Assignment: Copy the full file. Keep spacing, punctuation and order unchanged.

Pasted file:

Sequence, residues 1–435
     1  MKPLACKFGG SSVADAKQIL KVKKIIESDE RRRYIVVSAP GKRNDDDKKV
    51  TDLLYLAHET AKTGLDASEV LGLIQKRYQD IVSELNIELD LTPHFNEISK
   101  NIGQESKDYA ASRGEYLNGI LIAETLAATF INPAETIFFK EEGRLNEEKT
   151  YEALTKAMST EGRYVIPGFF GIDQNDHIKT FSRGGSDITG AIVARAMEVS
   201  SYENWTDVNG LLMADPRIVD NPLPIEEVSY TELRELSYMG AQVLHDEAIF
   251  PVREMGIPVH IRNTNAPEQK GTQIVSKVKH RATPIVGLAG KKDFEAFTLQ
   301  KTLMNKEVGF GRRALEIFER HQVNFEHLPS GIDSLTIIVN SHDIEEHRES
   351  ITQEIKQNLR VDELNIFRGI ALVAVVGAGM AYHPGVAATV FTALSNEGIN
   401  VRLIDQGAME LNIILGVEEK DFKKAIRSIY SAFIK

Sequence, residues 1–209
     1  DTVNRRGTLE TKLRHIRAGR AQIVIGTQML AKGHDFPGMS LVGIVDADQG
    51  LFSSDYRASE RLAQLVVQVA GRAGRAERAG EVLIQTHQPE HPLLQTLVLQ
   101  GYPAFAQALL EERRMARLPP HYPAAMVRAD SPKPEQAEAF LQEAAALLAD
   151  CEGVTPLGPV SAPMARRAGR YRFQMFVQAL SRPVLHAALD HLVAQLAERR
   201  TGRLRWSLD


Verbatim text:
Sequence, residues 1–435
     1  MKPLACKFGG SSVADAKQIL KVKKIIESDE RRRYIVVSAP GKRNDDDKKV
    51  TDLLYLAHET AKTGLDASEV LGLIQKRYQD IVSELNIELD LTPHFNEISK
   101  NIGQESKDYA ASRGEYLNGI LIAETLAATF INPAETIFFK EEGRLNEEKT
   151  YEALTKAMST EGRYVIPGFF GIDQNDHIKT FSRGGSDITG AIVARAMEVS
   201  SYENWTDVNG LLMADPRIVD NPLPIEEVSY TELRELSYMG AQVLHDEAIF
   251  PVREMGIPVH IRNTNAPEQK GTQIVSKVKH RATPIVGLAG KKDFEAFTLQ
   301  KTLMNKEVGF GRRALEIFER HQVNFEHLPS GIDSLTIIVN SHDIEEHRES
   351  ITQEIKQNLR VDELNIFRGI ALVAVVGAGM AYHPGVAATV FTALSNEGIN
   401  VRLIDQGAME LNIILGVEEK DFKKAIRSIY SAFIK

Sequence, residues 1–209
     1  DTVNRRGTLE TKLRHIRAGR AQIVIGTQML AKGHDFPGMS LVGIVDADQG
    51  LFSSDYRASE RLAQLVVQVA GRAGRAERAG EVLIQTHQPE HPLLQTLVLQ
   101  GYPAFAQALL EERRMARLPP HYPAAMVRAD SPKPEQAEAF LQEAAALLAD
   151  CEGVTPLGPV SAPMARRAGR YRFQMFVQAL SRPVLHAALD HLVAQLAERR
   201  TGRLRWSLD